In this cohort of metformin monotherapy users, 2nd-line DPP4i use was associated with a 42% relative reduction in all-cause mortality and 36% reduction in MACE versus SUs, the most common 2nd-line therapy in our study. GLP-1RAs were not associated with adverse events in this cohort.

aSchool of Pharmacy

bFaculty of Medicine, Memorial University of Newfoundland, St. John's, Newfoundland and Labrador, A1B 3V6

cDivision of General Internal Medicine, Department of Medicine, University of Alberta, Edmonton, Alberta, T6G 2B7, Canada.

Correspondence: John-Michael Gamble, School of Pharmacy, Memorial University of Newfoundland, Health Sciences Centre, 300 Prince Philip Drive, St. John's, NL, A1B 3V6, Canada (e-mail: jgamble@mun.ca).

Abbreviations: A1c = glycated hemoglobin, aHR = adjusted hazard ratio, BMI = body mass index, CI = confidence interval, CPRD = Clinical Practice Research Datalink, DPP4i = dipeptidyl-peptidase-4 inhibitor, eGFR = estimated glomerular filtration rate, GLP-1RA = glucagon-like peptide-1 receptor agonist, HES = hospital episode statistics, MACE = major adverse cardiovascular event, ONS = Office of National Statistics, OTH = other, SU = sulfonylurea, TZD = thiazolidinedione.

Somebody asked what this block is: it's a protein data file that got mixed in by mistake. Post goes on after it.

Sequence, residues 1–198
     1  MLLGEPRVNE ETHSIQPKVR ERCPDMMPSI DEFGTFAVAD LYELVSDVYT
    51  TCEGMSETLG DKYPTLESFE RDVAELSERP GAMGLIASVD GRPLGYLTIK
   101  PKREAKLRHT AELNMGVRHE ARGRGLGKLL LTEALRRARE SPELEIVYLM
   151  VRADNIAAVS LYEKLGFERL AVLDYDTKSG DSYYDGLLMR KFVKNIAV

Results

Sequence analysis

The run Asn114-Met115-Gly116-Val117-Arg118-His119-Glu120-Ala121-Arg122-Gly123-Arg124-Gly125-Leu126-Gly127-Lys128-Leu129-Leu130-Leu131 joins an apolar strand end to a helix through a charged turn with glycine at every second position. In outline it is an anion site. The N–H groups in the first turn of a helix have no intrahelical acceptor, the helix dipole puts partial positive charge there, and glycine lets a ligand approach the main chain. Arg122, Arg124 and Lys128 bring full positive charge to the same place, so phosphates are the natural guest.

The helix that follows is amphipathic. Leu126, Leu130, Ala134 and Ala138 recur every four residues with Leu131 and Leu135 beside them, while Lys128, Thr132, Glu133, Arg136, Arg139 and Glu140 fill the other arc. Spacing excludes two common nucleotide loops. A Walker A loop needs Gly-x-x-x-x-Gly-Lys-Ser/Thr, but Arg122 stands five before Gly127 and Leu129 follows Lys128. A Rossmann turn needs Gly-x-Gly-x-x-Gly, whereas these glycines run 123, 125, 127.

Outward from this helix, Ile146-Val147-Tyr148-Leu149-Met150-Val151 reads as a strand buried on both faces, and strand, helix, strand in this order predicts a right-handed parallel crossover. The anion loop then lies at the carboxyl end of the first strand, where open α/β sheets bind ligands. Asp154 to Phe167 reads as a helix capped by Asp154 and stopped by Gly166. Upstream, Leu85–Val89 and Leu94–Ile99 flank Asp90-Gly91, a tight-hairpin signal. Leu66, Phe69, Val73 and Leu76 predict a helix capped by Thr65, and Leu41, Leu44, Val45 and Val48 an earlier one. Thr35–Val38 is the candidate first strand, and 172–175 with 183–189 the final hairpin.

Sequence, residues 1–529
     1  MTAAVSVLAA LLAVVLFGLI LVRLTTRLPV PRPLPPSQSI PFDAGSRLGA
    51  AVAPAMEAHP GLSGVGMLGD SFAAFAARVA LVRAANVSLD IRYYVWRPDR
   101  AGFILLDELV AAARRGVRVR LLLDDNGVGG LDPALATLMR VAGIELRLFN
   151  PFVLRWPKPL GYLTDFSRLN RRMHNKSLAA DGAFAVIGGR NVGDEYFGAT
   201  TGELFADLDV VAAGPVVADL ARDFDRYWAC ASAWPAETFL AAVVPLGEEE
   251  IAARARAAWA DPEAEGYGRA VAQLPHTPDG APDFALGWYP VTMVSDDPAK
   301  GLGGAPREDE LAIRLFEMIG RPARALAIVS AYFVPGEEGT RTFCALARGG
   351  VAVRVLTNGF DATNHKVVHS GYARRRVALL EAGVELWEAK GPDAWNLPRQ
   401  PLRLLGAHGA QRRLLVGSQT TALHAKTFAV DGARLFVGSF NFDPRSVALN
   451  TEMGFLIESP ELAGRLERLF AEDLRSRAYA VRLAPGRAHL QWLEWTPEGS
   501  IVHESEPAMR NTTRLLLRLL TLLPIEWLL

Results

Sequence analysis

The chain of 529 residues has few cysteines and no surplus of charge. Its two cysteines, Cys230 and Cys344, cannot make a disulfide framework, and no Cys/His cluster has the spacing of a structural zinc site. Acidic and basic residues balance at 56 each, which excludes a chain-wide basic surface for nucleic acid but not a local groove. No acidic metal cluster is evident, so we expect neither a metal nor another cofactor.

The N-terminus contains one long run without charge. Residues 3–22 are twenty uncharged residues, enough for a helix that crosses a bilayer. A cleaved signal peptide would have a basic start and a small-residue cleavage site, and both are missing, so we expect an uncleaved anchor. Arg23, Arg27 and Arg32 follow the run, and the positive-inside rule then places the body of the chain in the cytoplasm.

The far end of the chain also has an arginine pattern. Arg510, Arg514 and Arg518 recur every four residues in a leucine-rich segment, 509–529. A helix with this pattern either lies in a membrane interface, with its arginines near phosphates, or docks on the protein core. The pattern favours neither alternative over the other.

Funding: This work was supported by a grant-in-aid from the Heart and Stroke Association of Canada (G-13-002788), and grants from the Canadian Institute for Health Research (FRN173599 – 287647) and the Newfoundland and Labrador Research and Development Corporation. JMG is supported as a New Investigator Award from the Canadian Institute of Health Research and a Clinician Scientist Award from the Canadian Diabetes Association; SRM holds the Endowed Chair in Patient Health Management supported by the Faculties of Medicine and Dentistry and Pharmacy and Pharmaceutical Sciences at the University of Alberta, Edmonton, Alberta, Canada.

The remaining authors have no conflicts of interest to disclose.

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Supplemental digital content is available for this article. Direct URL citations appear in the printed text and are provided in the HTML and PDF versions of this article on the journal's Website (www.md-journal.com).

This is an open access article distributed under the Creative Commons Attribution License 4.0, which permits unrestricted use, distribution, and reproduction in any medium, provided the original work is properly cited. http://creativecommons.org/licenses/by/4.0

Received April 7, 2016